Taking timeless pictures

Three years ago I worked my ass off during the summer-break to buy my own digital camera: a Nikon D3100. It takes great pictures and I still use it when on holiday. I am however struggling with a dilemma.

On the one hand, I want to take great looking pictures and show them to my family. After taking the pictures I would edit them, in a way I like them. That probably involves color correction and such.

I am however afraid that I edit them too much, in a way that they don’t look good in 10 years anymore. Right now if I browse my Instagram feed, the pictures I find the nicest have a grain and are faded, making them look a little old and soft. I’m afraid that if I would edit my vacation-photos they will turn into these old-looking soft photos, because I like that effect now. In ten years, I’m not so sure if I will still like that style.


Example of a faded and grained picture by Jacob Santiago.

I have been struggling with this dilemma for a while now. It was clear for me to chose for the latter option of the two options mentioned earlier, creating timeless photos. This got me thinking, what is timeless, when is something timeless, and how do you make timeless photos that looks great 10 years later?

Up until yesterday I was still thinking about that. Then, I read an interview with Chris Ozer, which stops the quest for an answer on the questions above for me. The following article is a summary of things I found and took in consideration on this hunt for an answer.


The whole search started by asking myself what ‘timeless’ is, and which objects are timeless. In school I learned about the jeans being timeless. They were invented by Jacob Davis and Levi Strauss in 1873, and practically look the same nowadays as they did in 1873. Also almost everybody has one of them, if not more, in their closet. Why are denim jeans timeless, and others pants not? I don’t know.

Later I started to wonder which other objects I would classify as being timeless. The way newspapers look is timeless, however their lay-out is changing, changing from broadsheet to tabloid and also the design changes every now and then. But the newspapers served as a jump to something I still consider timeless, a book. Books have been around for a long time, and they’ve always looked kind of the same.


Now for my definition of the word ‘timeless’, I compared modern books to old books, created by monks during the Middle Ages. The first thing that will strike you is how many drawings there are in old books. They might serve as a way to visualize the text so that the reader gets the text, but these drawings serve more as decorations. Modern books have very little to no decorations. The first letter of a chapter is just a capital letter, instead of the curly and colorful decorated letters older books start with.


Old book with a lot of decorated letters

After comparing ancient and modern books, I compared denim jeans and pants again. Turns out jeans have very little decorations, and pants have many, many more. Therefore, in my opinion something is timeless when all unnecessary details have been removed.

While reading Jony Ive: The Genius Behind Apple’s Greatest Products by Leander Kahney I stumbled upon this excerpt about Jony Ive trying to design things that do not date -right, timeless things!-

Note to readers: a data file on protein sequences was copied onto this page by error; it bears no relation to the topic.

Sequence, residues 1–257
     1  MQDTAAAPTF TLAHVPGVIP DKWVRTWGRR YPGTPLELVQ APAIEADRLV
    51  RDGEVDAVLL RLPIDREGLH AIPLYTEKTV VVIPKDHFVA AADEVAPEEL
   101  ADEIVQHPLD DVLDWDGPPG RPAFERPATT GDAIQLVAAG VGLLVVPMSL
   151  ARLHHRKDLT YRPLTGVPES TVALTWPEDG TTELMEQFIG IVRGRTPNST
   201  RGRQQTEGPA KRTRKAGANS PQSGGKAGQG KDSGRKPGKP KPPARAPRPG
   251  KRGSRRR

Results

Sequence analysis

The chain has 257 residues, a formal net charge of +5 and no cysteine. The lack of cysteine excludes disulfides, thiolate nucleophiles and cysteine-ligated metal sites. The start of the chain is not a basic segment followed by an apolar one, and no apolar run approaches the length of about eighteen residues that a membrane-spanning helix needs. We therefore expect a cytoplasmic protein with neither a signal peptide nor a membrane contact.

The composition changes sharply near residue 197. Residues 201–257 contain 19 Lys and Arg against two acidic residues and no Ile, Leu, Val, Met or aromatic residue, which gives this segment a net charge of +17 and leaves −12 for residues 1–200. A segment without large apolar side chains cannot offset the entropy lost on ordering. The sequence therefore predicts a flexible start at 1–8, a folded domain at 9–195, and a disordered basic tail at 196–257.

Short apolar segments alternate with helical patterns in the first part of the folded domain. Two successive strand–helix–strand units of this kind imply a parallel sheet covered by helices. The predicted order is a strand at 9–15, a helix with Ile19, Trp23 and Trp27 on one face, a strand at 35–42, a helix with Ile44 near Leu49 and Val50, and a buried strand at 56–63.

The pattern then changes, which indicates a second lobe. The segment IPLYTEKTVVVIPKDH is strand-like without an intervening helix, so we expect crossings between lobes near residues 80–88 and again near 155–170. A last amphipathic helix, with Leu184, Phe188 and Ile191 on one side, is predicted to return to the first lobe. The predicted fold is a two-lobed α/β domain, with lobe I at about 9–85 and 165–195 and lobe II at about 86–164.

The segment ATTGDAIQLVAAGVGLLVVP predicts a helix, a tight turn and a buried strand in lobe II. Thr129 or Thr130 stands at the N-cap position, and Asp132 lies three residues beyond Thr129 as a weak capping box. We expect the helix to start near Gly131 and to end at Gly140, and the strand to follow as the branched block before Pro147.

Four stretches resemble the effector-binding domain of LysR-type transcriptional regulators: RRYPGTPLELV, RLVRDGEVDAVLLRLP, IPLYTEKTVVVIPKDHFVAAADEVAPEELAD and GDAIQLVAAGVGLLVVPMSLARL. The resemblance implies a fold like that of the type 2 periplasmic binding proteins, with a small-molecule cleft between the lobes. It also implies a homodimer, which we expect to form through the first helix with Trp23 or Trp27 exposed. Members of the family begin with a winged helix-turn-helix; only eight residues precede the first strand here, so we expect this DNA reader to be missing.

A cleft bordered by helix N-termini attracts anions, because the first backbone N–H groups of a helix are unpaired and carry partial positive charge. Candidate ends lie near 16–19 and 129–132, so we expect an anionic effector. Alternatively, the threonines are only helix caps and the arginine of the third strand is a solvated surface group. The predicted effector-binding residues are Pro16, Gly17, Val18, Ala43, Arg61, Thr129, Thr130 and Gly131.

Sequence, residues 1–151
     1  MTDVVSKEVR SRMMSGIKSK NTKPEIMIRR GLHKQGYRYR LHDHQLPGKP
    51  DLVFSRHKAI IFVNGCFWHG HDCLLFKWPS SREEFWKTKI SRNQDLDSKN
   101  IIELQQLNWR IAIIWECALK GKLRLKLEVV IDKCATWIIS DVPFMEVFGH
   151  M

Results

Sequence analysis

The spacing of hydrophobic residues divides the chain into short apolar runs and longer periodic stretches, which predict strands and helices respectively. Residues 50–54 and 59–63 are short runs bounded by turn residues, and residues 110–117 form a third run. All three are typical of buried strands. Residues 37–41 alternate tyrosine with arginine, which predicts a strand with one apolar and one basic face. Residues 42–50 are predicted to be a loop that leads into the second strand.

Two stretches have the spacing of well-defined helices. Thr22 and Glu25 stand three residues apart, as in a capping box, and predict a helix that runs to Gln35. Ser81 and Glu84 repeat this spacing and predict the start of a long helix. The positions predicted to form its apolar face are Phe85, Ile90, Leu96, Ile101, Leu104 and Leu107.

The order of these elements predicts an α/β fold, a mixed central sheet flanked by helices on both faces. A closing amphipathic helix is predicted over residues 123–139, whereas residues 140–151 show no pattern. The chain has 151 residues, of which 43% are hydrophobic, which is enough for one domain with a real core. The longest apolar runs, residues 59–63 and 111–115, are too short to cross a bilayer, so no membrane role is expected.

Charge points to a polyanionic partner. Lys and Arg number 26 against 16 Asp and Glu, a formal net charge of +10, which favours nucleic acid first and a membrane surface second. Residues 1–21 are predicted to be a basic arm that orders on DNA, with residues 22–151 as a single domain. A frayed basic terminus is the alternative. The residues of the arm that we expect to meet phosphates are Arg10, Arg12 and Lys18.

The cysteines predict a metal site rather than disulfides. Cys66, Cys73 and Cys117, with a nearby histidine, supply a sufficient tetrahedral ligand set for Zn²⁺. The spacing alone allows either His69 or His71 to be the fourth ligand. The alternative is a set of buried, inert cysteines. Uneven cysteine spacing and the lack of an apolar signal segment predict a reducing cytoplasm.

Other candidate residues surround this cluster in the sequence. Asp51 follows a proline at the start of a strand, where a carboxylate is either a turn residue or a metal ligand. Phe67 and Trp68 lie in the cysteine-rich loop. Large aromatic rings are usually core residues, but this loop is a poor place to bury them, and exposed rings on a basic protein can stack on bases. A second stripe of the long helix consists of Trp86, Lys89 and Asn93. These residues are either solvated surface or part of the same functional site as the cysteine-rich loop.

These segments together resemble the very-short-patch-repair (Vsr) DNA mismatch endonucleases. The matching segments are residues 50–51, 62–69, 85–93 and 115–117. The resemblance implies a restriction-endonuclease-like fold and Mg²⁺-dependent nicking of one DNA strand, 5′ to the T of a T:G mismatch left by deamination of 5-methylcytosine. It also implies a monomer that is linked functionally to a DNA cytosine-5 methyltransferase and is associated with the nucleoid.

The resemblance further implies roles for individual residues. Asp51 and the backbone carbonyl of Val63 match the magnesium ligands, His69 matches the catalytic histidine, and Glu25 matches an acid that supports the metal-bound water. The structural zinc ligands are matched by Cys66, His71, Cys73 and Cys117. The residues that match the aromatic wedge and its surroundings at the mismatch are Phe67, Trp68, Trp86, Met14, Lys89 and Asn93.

“In an era of rapid change, Ive understood that style has a corrosive effect on design, making a product seem old before its time. By avoiding style, he found that his designs could not only achieve greater longevity, he could focus instead on the kind of authenticity in his work that all designers aspire to, but rarely achieve"

Comparing Macs to other computers, Jony Ive did a very good job. The first iBook had lots of custom styles, like the bold curves. The next iBook looks timeless, it could almost be a laptop that would be sold in stores today, if you don’t take the thickness in consideration (it’s amazing how slim notebooks have become by the way, the second generation iBook was 1.35" thick, the current Macbook Air is only 0.68" thick, at most.)


An almost timeless iBook

So I wondered if I should remove every style of pictures in order to take a timeless picture. For instance, on the photo below of a street in Boston I took two years ago, should I remove the cars, because they are a detail that indicates in which time period the photo was taken?


I could do that, but I’m afraid removing all objects indicating time will create the opposite of what I want: a retro look because you can’t see in which time period the photo was taken.


Just yesterday I read an interview with Chris Ozer on The Great Discontent about his pivot in his career when he became a photographer. When asked for advice he would give to photographers just starting out, he answers the following.

“There are all the technical aspects of photography—composition, light, framing, aperture, shutter speed, etc.—with both the camera and the image that are really important to nail down. But images that get all the technique down without having an emotional element are missing a really big piece of what makes a great photo. There are a lot of photographers who don’t quite get that. I don’t know how you would teach that exactly, but it comes from being authentic and shooting real moments: things that are actually happening”

This is what ends my search. We’re human beings, we look for emotions. We don’t see the front of a car as a normal front, we see faces. I think taking a timeless photo isn’t necessarily about applying the right filter or removing objects, it’s about showing emotions. The emotion will be there 10 years later too, and we will still recognize it.